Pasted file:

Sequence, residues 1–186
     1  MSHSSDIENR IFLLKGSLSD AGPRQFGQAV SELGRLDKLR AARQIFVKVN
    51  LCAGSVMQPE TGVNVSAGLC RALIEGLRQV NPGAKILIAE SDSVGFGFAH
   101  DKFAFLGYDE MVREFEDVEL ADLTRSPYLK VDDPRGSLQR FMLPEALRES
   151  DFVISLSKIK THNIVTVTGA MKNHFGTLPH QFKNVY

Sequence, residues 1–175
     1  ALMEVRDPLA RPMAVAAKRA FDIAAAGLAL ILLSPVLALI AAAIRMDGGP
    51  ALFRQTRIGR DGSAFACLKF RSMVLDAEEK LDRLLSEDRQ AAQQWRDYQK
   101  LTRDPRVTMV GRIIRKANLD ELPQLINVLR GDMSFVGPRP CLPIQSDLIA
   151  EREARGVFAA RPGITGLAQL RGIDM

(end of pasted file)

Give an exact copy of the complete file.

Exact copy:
Sequence, residues 1–186
     1  MSHSSDIENR IFLLKGSLSD AGPRQFGQAV SELGRLDKLR AARQIFVKVN
    51  LCAGSVMQPE TGVNVSAGLC RALIEGLRQV NPGAKILIAE SDSVGFGFAH
   101  DKFAFLGYDE MVREFEDVEL ADLTRSPYLK VDDPRGSLQR FMLPEALRES
   151  DFVISLSKIK THNIVTVTGA MKNHFGTLPH QFKNVY

Sequence, residues 1–175
     1  ALMEVRDPLA RPMAVAAKRA FDIAAAGLAL ILLSPVLALI AAAIRMDGGP
    51  ALFRQTRIGR DGSAFACLKF RSMVLDAEEK LDRLLSEDRQ AAQQWRDYQK
   101  LTRDPRVTMV GRIIRKANLD ELPQLINVLR GDMSFVGPRP CLPIQSDLIA
   151  EREARGVFAA RPGITGLAQL RGIDM